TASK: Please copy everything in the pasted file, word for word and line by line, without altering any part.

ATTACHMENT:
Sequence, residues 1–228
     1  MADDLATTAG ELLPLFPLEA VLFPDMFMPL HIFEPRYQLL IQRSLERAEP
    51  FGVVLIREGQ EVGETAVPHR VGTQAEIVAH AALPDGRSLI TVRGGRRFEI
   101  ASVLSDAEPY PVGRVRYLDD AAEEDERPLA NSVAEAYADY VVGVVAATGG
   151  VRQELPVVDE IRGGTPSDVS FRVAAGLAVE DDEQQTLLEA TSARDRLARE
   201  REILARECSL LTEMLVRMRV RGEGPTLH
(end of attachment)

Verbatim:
Sequence, residues 1–228
     1  MADDLATTAG ELLPLFPLEA VLFPDMFMPL HIFEPRYQLL IQRSLERAEP
    51  FGVVLIREGQ EVGETAVPHR VGTQAEIVAH AALPDGRSLI TVRGGRRFEI
   101  ASVLSDAEPY PVGRVRYLDD AAEEDERPLA NSVAEAYADY VVGVVAATGG
   151  VRQELPVVDE IRGGTPSDVS FRVAAGLAVE DDEQQTLLEA TSARDRLARE
   201  REILARECSL LTEMLVRMRV RGEGPTLH